Having 3 generations in one home - which is the traditional way - gave her a place of refuge from the misery of her school days, it was Monika, her 4 younger siblings, their mom & dad, and grandma - in their home.
Sadly, in the year 2006 her Granny died at the age of 89, and it was tragically compounded when her dad - who was a very quiet but strong man, and a former 'All American' star athlete and decorated Military veteran - also died at the age of 70 in the same year.

Monika married a Cherokee native American man at the age of 17, and has 4 children from this marriage: Alex, Daniel, Gary & Hope, this first marriage lasted 24 years, but her husband was lost to his own indigenous identity and never related to her gregarious Taino indigenous ways, she remarried to another Cherokee man (Wolf Clan) who is completely the opposite, and they have now been together for 14 happy years
In 2008 Monika joined the United Confederation of Taino People (UCTP) where she is the regional representative, and she works with indigenous peoples in 8 states in the South East of the USA (Kentucky, Louisiana, Mississippi, Tennessee, Alabama, North Carolina, South Carolina, and Georgia). The UCTP is an organization that promotes the self-determination of Caribbean Indigenous Peoples, and the recognition and protection of their human rights, culture, traditions, and sacred lands; as well as serves as a forum for educational advocacy (including human rights and cultural education) and policy development.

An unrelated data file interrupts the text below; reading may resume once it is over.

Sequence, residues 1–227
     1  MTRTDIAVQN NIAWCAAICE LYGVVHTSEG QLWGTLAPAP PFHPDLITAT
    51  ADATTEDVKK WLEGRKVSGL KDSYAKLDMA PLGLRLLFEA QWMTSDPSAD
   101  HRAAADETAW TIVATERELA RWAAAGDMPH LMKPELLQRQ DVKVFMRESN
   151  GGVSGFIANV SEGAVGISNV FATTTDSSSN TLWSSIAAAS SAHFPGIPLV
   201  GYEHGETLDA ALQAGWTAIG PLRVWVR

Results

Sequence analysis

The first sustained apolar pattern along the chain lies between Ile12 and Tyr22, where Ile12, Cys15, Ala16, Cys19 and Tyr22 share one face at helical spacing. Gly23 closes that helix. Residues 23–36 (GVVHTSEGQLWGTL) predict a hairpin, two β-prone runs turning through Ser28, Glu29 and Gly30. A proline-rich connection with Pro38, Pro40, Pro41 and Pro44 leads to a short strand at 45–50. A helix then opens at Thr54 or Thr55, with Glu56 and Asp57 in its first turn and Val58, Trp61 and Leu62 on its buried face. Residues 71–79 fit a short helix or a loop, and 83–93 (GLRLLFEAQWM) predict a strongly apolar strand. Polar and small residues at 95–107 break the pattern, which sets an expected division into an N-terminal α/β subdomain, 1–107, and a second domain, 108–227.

I asked Monika these 3 questions about her Project Access Training, her answers are included as well below each question:
Question 1 - How did you personally benefit from the Tribal Link Project Access Training
Answer - First it gave me a chance to meet and understand a group of dynamic, and passionate people who wish to help and understand the indigenous people as much as myself, second, I learned that we all have the same goal, connection, solidarity, and yes it taught me you can get your message across and it can be heard when you utilize the rights of the of the Declaration of Indigenous Peoples, and what not to use, together from different countries and race but with a common goal.

Question 2 - How will you share/disseminate the information/knowledge you gained in the Project Access Training? 
Answer - I will share the information I received through speaking engagements that I have already been booked to speak, through the internet, several grass roots organizations that I belong to, as well as my blog, along with future interviews that I have been booked for. And all opportunities that become available.

Question 3 - What are the major water issues facing your people today?
Answer - Several...miles away they are fracking for oil and in turn it has caused the streams and wells to become polluted. Gasses and dirty smells have replaced the crisp mountain streams and wells, also our island is small... we are facing rising sea levels and in turn our wells and holding tanks of fresh water are becoming contaminated. Drinking water supplies are also becoming less and less due to changing weather patterns.